He quickly dropped it in the street
And fearing in that place to stay
Kicked it before him on his way
The pudding bag so stout at first
By violence at last was burst
And ever since that wicked feat
The thoroughfare is Pudding Street
High Street continues north through a neighborhood beyond the Clam Box known as Ipswich Village, until it reaches Rowley. Thomas Franklin Waters wrote in 1915, “At the very beginning of the Town, High Street was the road to Newbury or ‘the pathway leading toward the River of Merrimac.’ No section of our Town has more substantial and picturesque interest than this quiet neighborhood.” Image: Ipswich Village, from the 1832 Philander map of Ipswich. Continue reading…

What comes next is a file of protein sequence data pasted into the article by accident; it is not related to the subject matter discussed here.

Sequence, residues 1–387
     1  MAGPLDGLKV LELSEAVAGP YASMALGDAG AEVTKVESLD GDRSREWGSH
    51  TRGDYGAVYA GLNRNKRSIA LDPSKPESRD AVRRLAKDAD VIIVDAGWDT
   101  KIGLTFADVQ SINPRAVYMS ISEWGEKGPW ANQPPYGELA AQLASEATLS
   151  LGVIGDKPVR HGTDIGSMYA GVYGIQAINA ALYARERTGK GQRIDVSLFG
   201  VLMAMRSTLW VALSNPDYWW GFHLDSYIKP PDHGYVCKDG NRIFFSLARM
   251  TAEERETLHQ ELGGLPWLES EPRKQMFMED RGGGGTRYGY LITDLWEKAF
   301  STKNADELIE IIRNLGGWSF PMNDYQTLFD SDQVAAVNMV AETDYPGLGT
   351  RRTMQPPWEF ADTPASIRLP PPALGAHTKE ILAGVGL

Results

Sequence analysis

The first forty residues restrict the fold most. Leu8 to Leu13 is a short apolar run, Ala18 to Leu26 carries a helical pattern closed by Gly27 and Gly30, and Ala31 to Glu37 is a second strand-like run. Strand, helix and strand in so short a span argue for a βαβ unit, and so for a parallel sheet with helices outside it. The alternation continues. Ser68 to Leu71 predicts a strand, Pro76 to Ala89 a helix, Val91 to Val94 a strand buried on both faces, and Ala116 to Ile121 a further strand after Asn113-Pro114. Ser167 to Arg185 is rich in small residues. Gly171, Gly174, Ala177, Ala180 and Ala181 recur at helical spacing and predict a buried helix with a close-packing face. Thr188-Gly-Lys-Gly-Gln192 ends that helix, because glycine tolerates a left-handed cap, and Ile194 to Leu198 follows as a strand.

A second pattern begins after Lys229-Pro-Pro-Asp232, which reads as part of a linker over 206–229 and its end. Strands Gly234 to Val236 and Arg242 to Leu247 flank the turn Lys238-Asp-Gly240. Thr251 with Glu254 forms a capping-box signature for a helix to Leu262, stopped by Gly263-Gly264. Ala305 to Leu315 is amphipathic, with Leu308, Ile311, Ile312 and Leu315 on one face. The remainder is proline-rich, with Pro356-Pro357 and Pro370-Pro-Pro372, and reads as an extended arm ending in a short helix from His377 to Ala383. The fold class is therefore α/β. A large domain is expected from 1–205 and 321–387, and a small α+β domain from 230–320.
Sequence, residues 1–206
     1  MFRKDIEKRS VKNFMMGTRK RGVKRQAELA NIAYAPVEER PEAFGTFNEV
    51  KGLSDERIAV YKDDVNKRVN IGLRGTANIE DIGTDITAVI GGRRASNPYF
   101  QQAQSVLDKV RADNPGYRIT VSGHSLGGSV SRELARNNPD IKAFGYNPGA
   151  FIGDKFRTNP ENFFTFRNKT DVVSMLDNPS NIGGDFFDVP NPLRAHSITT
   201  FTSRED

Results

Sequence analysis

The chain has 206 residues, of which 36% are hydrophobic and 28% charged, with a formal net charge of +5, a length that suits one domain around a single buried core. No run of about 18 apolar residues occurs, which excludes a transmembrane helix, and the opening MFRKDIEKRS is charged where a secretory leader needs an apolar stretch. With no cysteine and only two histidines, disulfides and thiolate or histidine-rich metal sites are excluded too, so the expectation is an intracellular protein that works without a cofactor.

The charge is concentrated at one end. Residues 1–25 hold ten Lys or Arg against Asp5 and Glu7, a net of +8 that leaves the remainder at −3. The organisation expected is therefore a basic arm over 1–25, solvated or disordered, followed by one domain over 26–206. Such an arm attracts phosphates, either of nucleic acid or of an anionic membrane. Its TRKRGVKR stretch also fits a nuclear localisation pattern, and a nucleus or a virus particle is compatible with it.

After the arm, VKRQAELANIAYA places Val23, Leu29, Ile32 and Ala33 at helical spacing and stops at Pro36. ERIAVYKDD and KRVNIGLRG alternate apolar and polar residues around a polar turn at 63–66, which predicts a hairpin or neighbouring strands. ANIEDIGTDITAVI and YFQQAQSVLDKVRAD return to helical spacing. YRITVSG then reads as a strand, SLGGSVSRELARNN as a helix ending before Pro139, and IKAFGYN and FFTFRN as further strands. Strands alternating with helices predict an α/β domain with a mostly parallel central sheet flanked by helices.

Houses in the High Street Historic District